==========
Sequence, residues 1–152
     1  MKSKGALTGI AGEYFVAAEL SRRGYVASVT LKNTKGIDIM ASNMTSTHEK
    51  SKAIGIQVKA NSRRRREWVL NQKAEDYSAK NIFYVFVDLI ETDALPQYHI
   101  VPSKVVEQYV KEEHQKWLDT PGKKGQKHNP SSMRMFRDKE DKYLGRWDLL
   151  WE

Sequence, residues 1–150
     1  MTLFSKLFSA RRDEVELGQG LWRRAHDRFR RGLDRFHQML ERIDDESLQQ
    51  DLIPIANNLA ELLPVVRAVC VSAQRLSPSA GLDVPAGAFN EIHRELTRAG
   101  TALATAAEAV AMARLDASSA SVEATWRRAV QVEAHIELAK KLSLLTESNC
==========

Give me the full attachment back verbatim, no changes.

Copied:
Sequence, residues 1–152
     1  MKSKGALTGI AGEYFVAAEL SRRGYVASVT LKNTKGIDIM ASNMTSTHEK
    51  SKAIGIQVKA NSRRRREWVL NQKAEDYSAK NIFYVFVDLI ETDALPQYHI
   101  VPSKVVEQYV KEEHQKWLDT PGKKGQKHNP SSMRMFRDKE DKYLGRWDLL
   151  WE

Sequence, residues 1–150
     1  MTLFSKLFSA RRDEVELGQG LWRRAHDRFR RGLDRFHQML ERIDDESLQQ
    51  DLIPIANNLA ELLPVVRAVC VSAQRLSPSA GLDVPAGAFN EIHRELTRAG
   101  TALATAAEAV AMARLDASSA SVEATWRRAV QVEAHIELAK KLSLLTESNC